1.  Early Morning Construction


Everyday I wake in the presence of 5-25 burly men.  7 AM on the dot, they’re digging, blasting, and pounding away at…whatever.  Best case scenario, I realise it’s pointless to try to hit the snooze button and get out of bed when I was planning on it.  Worst case scenario, my plans to sleep in on my day off are ruined.

2. Water Woes

Imagine, if you will, having no hot water for a weekend, making showering painful and sponge baths necessary.  Annoying, right?  Now imagine having NO WATER between the hours of 3 and 11 pm on a saturday.  A hot saturday when you’ve just gone out for a run and desperately want a drink of cool water or to shower before climbing into your freshly-washed sheets.  A saturday when guests have been invited over and the planned menu required water be boiled for the pasta.  A saturday in which you discovered no water means no flushing the toilet (not that you would have peed anyway, you couldn’t wash your hands).  Yes, heavenly.

3.  Crazy Neighbors

Yes, that’s cat litter on my stairs and no, I don’t know why there’s care litter on my stairs.  I do know I prefer my neighbors getting kitty litter all over the place to their other exploits (breaking the same window twice in 2 days or practicing the drums [poorly] at all hours of the day and night).

All this results in

an unwashed, unhappy urban-dweller.

I was just at McDonald’s.  No, I wasn’t eating there.  I wanted a fountain Coke, ok?  But that’s not the point.


McDonald’s.  150 Zillion Served.  No Hamburgers.  What?

-One never ends up in the ER when they have freshly-shaven legs, smell nice, or look good.  Every doctor, nurse, and tech in the place, however, did see my nicely-matching green-with-blue-polka-dots bra and underwear.  But then again, as a retired bra specialist, I ALWAYS have nice undergarments on.

-Going to the ER alone, when every one of your friends is legitimately out of the area and your one family member close by is sick, can be scary.  It can also be empowering.  Hell yes, I survived the BIDMC ER BY MYSELF.  I’m tough.  Don’t mess with me.

-No one in the ER is in good shape, but it always helps to see people in worse shape than you.  Also, many are crazier than you and you win points with the staff for being polite.  The award for craziest probably goes to the man who walked in, looking totally fine, immediately began complaining about wait times, then called other ERs to find out if they could see him sooner.  This genius decided to drive cross-town to Mass General in hopes of cutting down his time in the ER.  Little did he know Beth Israel was actually pretty speedy last night.  What a tool.

-IVs suck.  The getting the IV part is fine, but having a plastic thing in your arm really does hurt.  You’re also tethered to one spot and can’t easily move to pick up your phone, glasses, and book that you knocked on the floor, thus eliminating all means of entertainment and communication with the outside world. 

-When the health professionals tell you the drugs may knock you out, they ain’t kidding.  I don’t normally fall into a deep, 13 hour sleep and have dreams about my great-aunt eating a whole pig.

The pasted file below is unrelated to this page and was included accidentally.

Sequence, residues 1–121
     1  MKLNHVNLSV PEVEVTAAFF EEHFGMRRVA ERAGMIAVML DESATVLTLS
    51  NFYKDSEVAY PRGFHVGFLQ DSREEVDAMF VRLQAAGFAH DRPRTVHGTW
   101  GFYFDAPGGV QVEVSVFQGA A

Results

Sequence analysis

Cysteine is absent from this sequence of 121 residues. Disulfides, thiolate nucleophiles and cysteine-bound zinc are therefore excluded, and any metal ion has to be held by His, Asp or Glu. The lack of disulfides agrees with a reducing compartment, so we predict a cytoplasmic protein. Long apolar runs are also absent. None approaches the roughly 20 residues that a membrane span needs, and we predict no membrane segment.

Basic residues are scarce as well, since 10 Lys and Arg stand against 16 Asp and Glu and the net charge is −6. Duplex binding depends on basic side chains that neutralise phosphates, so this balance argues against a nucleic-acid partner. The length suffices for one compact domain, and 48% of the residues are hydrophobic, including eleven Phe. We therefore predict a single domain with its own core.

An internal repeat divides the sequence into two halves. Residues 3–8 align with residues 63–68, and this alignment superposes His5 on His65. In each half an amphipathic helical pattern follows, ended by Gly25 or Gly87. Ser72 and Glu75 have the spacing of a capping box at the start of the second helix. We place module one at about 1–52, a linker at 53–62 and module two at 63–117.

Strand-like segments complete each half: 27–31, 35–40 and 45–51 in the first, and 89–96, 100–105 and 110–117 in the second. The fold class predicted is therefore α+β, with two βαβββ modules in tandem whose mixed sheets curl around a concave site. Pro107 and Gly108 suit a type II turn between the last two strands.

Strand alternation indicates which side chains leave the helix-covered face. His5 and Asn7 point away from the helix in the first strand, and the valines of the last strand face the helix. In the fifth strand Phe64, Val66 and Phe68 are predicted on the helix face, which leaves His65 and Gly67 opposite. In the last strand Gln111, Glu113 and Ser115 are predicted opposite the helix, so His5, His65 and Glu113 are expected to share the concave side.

-It’s amazing your reaction upon waking from above-mentioned medically-induced sleep.  I woke up with my hospital bracelet on, bandages aplenty, and nicely decorated with my EKG stickers, not knowing where I was but utterly convinced I had to go to work.  

-Spending a friday night alone in the ER is not exactly fun but it’s worth it when you end up with the knowledge that you are not, in fact, dying.

Shameless Plug

May 26, 2008

Yes friends, it’s been a while.  What’s my excuse?  Laziness, I suppose.  There’s been plenty to soapbox about.  You know, quitting my job, graduating from college four months after I graduated from college, kind of starting a new job, getting the MONSTER bruise at the opening of the Apple Store, kind of figuring out my life, making the July trip to California official, learning I’m going to become a 1st cousin-once-removed, showing my best friend from high school around Beantown, being diagnosed as not the least bit clumsy by two specialists, my discovery of the greatest drink every (decaf iced grande soy peppermint mocha)…I’ve just been too busy livin’ life and enjoying these last days of being 21 to keep up with the ol’ blog.  Sorry, folks.

But now I’m back in the saddle.  With many of friends either on fabulous European get-aways or visiting their families, it’s looking like I’ll have quite bit of time on my hands in the coming days.  So what am I going to talk about?  The heartbreaking news that my favourite president wants my preferred candidate to quit?  My up-coming birthday? Life in the real world? Nope.  I’m just going to brag a bit here so please hold back your vom.

Yesterday I ran in my first race since my high school track days.  Tired, dehydrated, and sick as a dog BEFORE the race, I managed to finish in 44 minutes and 45 seconds, putting me at an 8:57/mile pace.  I placed 554th out of 1702 runners and was the 99th 19-29 year old female to cross the finish line (out of 418).  Highlights from the day included seeing two friends of mine from high school, cheering on/being inspired by the half-marathoners, and spending the afternoon on the couch recovering and eating an eggplant sub.  While I won’t be setting world records anytime soon, I would like to brag that I am officially a runner now.  And I have my cheesy finisher’s medal to prove it.